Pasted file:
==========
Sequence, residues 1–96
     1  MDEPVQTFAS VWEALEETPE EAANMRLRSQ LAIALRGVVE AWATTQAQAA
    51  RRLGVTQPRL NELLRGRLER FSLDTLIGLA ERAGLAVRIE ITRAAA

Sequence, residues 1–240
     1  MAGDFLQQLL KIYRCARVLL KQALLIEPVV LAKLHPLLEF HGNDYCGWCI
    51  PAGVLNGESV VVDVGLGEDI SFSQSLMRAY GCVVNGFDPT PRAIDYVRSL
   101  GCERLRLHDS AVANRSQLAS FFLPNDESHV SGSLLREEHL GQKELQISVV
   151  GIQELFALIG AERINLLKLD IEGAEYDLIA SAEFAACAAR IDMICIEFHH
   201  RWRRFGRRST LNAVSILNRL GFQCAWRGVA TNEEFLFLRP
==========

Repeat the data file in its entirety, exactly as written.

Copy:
Sequence, residues 1–96
     1  MDEPVQTFAS VWEALEETPE EAANMRLRSQ LAIALRGVVE AWATTQAQAA
    51  RRLGVTQPRL NELLRGRLER FSLDTLIGLA ERAGLAVRIE ITRAAA

Sequence, residues 1–240
     1  MAGDFLQQLL KIYRCARVLL KQALLIEPVV LAKLHPLLEF HGNDYCGWCI
    51  PAGVLNGESV VVDVGLGEDI SFSQSLMRAY GCVVNGFDPT PRAIDYVRSL
   101  GCERLRLHDS AVANRSQLAS FFLPNDESHV SGSLLREEHL GQKELQISVV
   151  GIQELFALIG AERINLLKLD IEGAEYDLIA SAEFAACAAR IDMICIEFHH
   201  RWRRFGRRST LNAVSILNRL GFQCAWRGVA TNEEFLFLRP